In the days of Queen Elizabeth I’s reign, the parliament played a very different role to the one it plays today. The parliament was not particularly important. They only came to Elizabeth when she called on them. Infact they only met 13 times in her 45 year long reign. She only called them to pass acts of parliament, which were laws approved by the Houses of Lords and Commons. They also approved taxes and provided support, advice and money for the monarch. Their role was significantly smaller then the role of the Privy Council.
Elizabeth and her parliament had very different ideas about what exactly the purpose of parliament was. She expected her MP’s to talk about certain issues, which didn’t include her personal affairs, religion or foreign policy. These were Elizabeth’s private ‘matters of state’. If there were difficulties, she used her power to reject a law or simply closed parliament. The MP’s in Parliament however, thought of their own role as voicing their opinions on how the country was being governed and believed that they had three special privileges. The believed that they had the freedom of speech and discuss anything they wanted to including Elizabeth’s personal issues. They also had freedom from arrest and couldn’t be arrested or imprisoned whilst parliament was in progress. Lastly, they believed in the freedom to discuss their own ideas for new law. It is evident that Elizabeth and her parliament had very different ideas about this issue.
Elizabeth and her MP’s disagreed about a number of issues, the most important being that of her marriage. It was important to them that she got married and secured an heir for the throne and a strong king to rule beside her. However, Elizabeth was not ready for marriage and didn’t succumb to their pressure. Peter Wentworth went as far as asking her to name an heir but she didn’t. In 1572, the Catholic plot to murder Elizabeth was discovered and Mary queen of Scots was traced back to it. The MP’s urged Elizabeth to have her executed but Elizabeth was in two minds about the situation involving her cousin. This again was important as it showed that their were still some Catholic extremists at large and Elizabeth was also scared of foreign attack if she had Mary executed. Some MP’s complained about not having a right to speak freely something, Elizabeth didn’t condone.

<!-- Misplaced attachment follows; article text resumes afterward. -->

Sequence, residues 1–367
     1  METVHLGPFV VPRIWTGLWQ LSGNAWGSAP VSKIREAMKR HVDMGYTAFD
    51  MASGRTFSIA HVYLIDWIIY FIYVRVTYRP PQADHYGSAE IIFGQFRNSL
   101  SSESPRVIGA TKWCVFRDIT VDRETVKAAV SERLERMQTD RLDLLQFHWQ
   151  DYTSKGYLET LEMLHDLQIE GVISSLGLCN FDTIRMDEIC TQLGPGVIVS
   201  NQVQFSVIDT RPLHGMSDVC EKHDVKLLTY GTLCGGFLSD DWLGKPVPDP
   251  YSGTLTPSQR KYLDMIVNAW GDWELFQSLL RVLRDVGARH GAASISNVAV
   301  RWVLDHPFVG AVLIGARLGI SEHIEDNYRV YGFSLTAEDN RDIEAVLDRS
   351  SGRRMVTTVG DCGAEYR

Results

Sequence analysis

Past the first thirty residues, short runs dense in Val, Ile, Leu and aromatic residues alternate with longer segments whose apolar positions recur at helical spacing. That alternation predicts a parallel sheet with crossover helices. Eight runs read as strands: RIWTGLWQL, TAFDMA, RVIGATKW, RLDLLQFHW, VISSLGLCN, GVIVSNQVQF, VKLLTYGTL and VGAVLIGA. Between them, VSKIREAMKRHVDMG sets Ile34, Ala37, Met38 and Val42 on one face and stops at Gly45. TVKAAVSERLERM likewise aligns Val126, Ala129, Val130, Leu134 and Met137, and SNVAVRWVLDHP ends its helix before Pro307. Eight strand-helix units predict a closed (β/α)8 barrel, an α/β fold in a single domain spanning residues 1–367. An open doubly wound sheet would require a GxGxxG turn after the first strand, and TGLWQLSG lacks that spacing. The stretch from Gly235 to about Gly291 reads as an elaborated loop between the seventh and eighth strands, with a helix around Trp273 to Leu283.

Elizabeth and her MP’s didn’t really agree on many issues at all. They mainly used their opportunities to talk to her by complaining about one issue or another. However, they both agreed finally in 1587 to have Mary Queen of Scots executed. This later led onto the threat of the Spanish armada. Sometimes she looked into their complaints especially the ones to do with monopolies. The MP’s agreed to her taxes to pay for an army and passed new laws to punish Catholics. This was important as it meant that she had their financial support.
Elizabeth dealt with the issue of marriage, by simply giving her parliament a vague reply. This placated them for short spurts of time but the issue arouse again and again. She later told them that it was no of their business and those who apposed her were punished. After Wentworth was imprisoned, the issue of marriage was left to rest perhaps implying that her method was successful. She often told the MP’s that she would look into their complaints and the shortly closed parliament. This inevitably meant that she had control over them and could avoid anything she wanted to. This was successful also.
Elizabeth was extremely successful when dealing with her parliament as she was in control all the time. She never let them become very powerful at all which meant they could at no point try and pressurize her into making a decision she didn’t want to make. They were definitely less significant then the Privy Council and were used according to when Elizabeth needed them.